Ringo Starr Biography
Readers of a Ringo Starr biography know that the British musician was the drummer for The Beatles, the most popular band of all time. But Starr’s professional career also includes acting, directing and writing.
Ringo Starr was born Richard Starkey in 1940, in the working class city of Liverpool, England. He was named after his father, a baker and former dockworker. Starr’s mother, Elsie, also worked in a bakery. They divorced when he was a toddler, and he lived with his mother, who later remarried.
Starr suffered many afflictions during childhood: abdominal pains, ruptured appendix, inflamed peritoneum, and surgeries. Chronic pleurisy and lung complications followed, and Starr spent much of his youth at home or in children’s hospitals. When he returned to school, he was far behind in his studies. At 15, he could not read or write well, but he had an aptitude for practical things like mechanics and woodworking. So he dropped out of school to look for a job. He found work as a delivery boy, a barman on a ferry, and a trainee joiner. But Starr’s dream came true when his stepfather, Harry Graves, bought him a new drum set.
In the late 1950s, Starr and a friend started a band, the Eddie Clayton Skiffle Group. Known as Ritchie, Starr was caught up in Liverpool’s Skiffle craze, music with jazz, blues, folk, and country influences. The self-taught drummer was a good time keeper who developed an original beat with signature accents. Starr traveled from band to band before landing a spot with the Raving Texans, later called Rory Storm and The Hurricanes. To enhance his career, he legally changed his name. His group shared popularity with The Beatles and Gerry and The Pacemakers, but he wanted to leave The Hurricanes to join The Seniors.
Meanwhile, The Beatles had tried several drummers, even inviting strangers to audition. Pete Best got the job, but the band did not like his drumming. They wanted to recruit Starr as his replacement. At the suggestion of record producer George Martin, and urged by The Beatles band members, manager Brian Epstein fired Best and completed the band with Starr.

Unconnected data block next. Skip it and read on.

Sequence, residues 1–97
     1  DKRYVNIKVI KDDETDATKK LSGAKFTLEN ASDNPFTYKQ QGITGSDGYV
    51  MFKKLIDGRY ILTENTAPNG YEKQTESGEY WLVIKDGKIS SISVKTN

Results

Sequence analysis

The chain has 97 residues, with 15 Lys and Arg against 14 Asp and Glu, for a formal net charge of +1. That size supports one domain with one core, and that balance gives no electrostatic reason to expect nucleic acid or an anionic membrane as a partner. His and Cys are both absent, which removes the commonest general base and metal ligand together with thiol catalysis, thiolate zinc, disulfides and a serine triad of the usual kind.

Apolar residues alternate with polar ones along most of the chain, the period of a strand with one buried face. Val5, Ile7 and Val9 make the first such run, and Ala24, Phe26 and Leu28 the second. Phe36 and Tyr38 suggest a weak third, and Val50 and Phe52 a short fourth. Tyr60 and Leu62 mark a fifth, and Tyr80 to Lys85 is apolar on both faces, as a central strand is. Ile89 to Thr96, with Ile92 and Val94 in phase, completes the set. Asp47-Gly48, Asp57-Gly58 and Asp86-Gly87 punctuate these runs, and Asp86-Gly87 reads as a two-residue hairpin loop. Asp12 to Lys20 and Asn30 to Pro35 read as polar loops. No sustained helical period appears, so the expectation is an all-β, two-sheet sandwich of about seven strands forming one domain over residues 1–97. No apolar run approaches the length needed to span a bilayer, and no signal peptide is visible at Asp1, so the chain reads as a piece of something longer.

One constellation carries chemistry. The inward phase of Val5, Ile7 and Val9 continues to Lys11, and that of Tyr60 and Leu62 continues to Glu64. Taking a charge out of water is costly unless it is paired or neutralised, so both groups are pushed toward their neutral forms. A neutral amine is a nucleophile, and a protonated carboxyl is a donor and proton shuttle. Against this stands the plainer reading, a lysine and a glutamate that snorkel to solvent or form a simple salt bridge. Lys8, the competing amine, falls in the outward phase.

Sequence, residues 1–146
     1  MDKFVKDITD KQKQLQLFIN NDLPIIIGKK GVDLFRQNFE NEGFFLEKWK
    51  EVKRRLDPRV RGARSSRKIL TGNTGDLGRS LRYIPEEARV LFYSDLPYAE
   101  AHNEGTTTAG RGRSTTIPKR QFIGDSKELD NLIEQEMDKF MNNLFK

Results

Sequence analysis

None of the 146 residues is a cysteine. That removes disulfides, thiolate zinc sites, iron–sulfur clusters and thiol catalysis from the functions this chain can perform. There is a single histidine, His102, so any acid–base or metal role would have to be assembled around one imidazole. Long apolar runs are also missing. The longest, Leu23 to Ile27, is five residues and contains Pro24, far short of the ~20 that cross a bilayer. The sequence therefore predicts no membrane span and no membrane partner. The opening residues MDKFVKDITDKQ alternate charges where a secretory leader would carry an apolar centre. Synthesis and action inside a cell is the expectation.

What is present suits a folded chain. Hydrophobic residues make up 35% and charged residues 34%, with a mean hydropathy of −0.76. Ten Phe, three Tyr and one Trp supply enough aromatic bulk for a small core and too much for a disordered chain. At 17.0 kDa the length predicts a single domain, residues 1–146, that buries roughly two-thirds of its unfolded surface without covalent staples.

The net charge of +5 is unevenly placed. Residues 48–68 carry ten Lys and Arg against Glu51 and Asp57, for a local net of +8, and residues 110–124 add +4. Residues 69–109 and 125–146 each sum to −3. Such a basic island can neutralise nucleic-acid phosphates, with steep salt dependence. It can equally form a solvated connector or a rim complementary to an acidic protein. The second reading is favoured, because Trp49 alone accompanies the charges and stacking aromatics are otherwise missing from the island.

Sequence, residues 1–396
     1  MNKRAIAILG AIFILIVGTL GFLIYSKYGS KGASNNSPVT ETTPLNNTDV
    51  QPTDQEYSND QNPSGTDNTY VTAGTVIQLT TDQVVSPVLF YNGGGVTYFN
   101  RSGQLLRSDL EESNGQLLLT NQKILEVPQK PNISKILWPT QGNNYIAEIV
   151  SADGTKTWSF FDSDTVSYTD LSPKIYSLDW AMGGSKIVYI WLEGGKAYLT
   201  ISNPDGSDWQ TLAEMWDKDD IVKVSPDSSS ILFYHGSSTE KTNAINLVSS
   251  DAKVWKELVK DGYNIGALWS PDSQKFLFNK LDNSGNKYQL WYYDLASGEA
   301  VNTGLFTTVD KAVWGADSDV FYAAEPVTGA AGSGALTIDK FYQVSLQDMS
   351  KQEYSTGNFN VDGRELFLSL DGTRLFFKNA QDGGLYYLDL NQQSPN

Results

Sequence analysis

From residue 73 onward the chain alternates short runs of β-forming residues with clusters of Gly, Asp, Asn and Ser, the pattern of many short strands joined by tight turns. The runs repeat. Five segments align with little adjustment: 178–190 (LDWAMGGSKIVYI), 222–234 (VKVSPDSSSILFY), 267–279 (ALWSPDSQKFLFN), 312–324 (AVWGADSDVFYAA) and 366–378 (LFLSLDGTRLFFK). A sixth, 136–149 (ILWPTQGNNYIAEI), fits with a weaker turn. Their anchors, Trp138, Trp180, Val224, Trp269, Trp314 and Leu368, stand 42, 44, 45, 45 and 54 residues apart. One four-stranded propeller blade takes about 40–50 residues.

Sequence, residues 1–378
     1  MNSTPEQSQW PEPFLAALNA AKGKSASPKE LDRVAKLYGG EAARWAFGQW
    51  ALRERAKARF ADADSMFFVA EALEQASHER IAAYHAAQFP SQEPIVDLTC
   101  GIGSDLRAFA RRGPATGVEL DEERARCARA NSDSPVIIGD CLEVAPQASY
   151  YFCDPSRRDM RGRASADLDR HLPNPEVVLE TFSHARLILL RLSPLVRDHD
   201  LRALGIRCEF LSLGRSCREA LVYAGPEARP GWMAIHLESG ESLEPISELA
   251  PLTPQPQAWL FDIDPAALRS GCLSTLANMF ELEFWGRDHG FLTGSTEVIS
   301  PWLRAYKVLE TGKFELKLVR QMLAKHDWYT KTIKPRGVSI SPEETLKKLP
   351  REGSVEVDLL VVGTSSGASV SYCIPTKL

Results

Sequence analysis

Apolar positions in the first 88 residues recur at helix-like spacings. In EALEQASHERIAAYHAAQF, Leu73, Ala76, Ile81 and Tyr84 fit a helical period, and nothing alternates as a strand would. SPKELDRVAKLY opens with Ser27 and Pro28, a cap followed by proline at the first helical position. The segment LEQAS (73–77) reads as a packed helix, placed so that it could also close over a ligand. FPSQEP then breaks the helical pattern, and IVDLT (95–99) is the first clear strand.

Starr contributed to The Beatles’ first hit in 1962, “Love Me Do.” His unique drumming and positive attitude helped shape the band’s image and style. And he connected well with the other three band members: John Lennon, Paul McCartney, and George Harrison.
Starr enjoyed making music, but he also dreamed of acting. He got his chance with the 1964 film, “A Hard Day’s Night.” He got good reviews for the first Beatles movie, and for their 1965 film “Help!” Although he only wrote two original songs during his eight year career with The Beatles, Starr often sang songs that Lennon and McCartney wrote for their albums. His voice contributed to the tight harmonies and unique sound of The Beatles.
After the band’s breakup, Starr's 1970s solo career was hectic. But he eventually emerged as a steady performer, with several hit songs and albums. He performed live concerts and appeared on various television shows. Starr narrated the popular 1980s children’s series, “Thomas the Tank Engine and Friends.”
After a battle with alcohol in the 1980s, Starr attended a rehabilitation clinic and returned a sober man. His All Starr band toured America and Japan in the 1990s. And he worked on special projects with the surviving members of The Beatles.
In his personal life, Starr was married to Maureen Cox for ten years. They had three children together. A few years after their divorce in 1975, he married American actress Barbara Bach. They have been married for thirty years.
Ringo Starr’s influence elevated the role of drummer to that of an equal with lead musicians. His innovative drumming style was essential to the unique sound of The Beatles. And his onstage presence, warmth and humor contributed to the band's enormous success.